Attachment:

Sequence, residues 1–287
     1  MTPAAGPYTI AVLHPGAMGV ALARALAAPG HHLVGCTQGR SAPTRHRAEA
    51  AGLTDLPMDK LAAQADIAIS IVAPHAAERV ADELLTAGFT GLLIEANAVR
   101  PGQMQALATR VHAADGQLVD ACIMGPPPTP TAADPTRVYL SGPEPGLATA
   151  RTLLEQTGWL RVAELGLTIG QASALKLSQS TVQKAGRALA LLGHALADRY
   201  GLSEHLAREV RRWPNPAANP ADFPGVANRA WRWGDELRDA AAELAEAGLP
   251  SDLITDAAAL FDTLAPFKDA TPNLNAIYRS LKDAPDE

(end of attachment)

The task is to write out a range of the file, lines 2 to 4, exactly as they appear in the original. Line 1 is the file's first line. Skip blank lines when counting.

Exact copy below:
     1  MTPAAGPYTI AVLHPGAMGV ALARALAAPG HHLVGCTQGR SAPTRHRAEA
    51  AGLTDLPMDK LAAQADIAIS IVAPHAAERV ADELLTAGFT GLLIEANAVR
   101  PGQMQALATR VHAADGQLVD ACIMGPPPTP TAADPTRVYL SGPEPGLATA